The Untitled Art Awards at Steamwhistle Brewery
If you're up for spending 15 bucks to hob-knob with .... well, I won't say it, might get in trouble. Let's try again, if you're willing to spend 15 bucks, to get your first glass of beer free at the Steamwhistle brewery tomorrow night, you'll be saving not only 5 bucks or so, but you'll also be able to watch the 2nd Annual Steamwhistle Art Awards, which were renamed the Untitled Art Awards and yay! a chance for the art community to pat-itself on the back again. Or maybe I'm just bitter because I wasn't nominated.
"Award Show: Mechanism by which the members of a given profession attempt to give themselves the attributes of the pre-modern ruling classes - the military, aristocracy and priesthood - by assigning various orders, decorations, and medals to each other.
These shows are a superficial expression of corporatism. As with the pre-modern classes, their awards related principally to relationships within the profession. Each time the words, "I want to thank" are used by someone being decorated, they indicate a relationship based on power. The awards have little to do with that corporation's relationship to the outside world - what you might call the public - or for that matter with quality."
-John Ralston Saul, The Doubter's Companion (1994)
In an interview with the Torontoist, Julia Dault, Gary Michael Dault's daughter, says she's never heard of Jessica Wyman, who she's up against along with her father for best art writing. I used to work with Jessica Wyman on the board of YYZ, and I just think it's a shame that someone nominated for art writing is unfamiliar with her work. I think it says a lot about how the art scene here is fragmented into genre interest groups.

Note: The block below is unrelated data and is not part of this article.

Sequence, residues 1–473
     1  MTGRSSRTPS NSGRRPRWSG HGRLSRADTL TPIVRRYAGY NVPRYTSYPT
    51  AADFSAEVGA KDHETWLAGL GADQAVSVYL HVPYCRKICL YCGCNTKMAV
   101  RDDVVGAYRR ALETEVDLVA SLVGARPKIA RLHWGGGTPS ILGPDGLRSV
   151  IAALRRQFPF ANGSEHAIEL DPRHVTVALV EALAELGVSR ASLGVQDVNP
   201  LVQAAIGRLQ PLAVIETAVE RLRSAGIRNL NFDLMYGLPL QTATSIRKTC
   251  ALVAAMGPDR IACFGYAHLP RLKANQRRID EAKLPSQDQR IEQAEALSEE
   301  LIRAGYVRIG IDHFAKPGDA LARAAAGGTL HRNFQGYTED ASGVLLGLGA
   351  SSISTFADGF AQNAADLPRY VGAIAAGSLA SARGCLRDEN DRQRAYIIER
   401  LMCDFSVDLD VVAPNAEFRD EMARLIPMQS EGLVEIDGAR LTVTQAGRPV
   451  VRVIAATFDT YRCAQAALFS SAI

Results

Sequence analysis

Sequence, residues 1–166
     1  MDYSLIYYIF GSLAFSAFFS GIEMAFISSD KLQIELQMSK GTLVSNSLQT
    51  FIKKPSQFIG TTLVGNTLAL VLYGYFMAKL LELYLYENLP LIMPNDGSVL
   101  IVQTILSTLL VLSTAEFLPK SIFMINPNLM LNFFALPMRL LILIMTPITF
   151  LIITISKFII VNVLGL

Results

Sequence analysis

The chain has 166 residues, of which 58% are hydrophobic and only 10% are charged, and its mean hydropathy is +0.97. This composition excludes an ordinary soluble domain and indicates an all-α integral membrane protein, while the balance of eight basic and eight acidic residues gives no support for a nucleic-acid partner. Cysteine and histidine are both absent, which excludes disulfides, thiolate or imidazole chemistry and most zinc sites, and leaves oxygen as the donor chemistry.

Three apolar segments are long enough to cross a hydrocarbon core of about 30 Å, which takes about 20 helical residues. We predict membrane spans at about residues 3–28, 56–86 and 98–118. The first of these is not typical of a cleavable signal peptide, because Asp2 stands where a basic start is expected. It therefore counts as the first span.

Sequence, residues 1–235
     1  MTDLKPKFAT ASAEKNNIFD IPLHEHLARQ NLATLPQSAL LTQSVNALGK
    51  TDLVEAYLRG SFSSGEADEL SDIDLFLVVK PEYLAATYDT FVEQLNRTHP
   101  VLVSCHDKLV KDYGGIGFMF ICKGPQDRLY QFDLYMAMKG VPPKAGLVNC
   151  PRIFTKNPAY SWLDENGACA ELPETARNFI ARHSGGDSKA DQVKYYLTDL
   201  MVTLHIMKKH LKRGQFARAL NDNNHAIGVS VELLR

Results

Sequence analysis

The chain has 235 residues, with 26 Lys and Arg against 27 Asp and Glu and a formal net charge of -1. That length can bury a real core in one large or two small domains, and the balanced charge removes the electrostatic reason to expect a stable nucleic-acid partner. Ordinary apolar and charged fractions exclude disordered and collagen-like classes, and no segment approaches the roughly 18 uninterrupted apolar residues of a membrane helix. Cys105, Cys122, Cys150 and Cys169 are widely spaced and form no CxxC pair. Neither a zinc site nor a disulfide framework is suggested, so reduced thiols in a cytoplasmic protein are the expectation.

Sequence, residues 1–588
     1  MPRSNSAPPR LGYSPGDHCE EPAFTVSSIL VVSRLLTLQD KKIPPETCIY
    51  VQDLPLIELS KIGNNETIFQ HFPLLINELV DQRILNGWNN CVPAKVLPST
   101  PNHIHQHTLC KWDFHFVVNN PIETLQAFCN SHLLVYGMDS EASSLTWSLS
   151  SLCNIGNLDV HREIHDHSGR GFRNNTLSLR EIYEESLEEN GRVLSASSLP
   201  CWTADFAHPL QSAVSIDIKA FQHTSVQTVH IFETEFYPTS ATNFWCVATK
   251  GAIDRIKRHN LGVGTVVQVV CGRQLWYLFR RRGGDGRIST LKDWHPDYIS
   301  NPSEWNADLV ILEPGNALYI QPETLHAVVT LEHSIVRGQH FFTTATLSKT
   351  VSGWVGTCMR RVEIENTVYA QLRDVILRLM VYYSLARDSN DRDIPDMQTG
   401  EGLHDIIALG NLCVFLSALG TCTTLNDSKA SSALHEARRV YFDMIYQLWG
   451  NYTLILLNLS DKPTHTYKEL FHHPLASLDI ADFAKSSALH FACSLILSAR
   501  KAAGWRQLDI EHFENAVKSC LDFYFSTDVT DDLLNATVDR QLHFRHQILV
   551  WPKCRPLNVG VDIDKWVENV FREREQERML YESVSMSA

Let's be fair, Julia's never heard of me either, nor have I really heard of her. She writes for the Post, which I don't read, mostly because their online archives are moneywalled and I'm not about to buy it everyday, in addition to their editorial slant (although I hear things are changing).
Of her dad, Gary Michael, who writes for the Globe (which I do read everyday), I can say, "Some art critic, he never writes a bad review," except for the one he wrote at the end of 2001. I know that GMD avoids shows he doesn't like ... that's his idea of furthering art criticism and the discourse of art in this city. Not that I've proven myself much better, but at least Sarah Milroy calls it like she sees it, and she hasn't been nominated.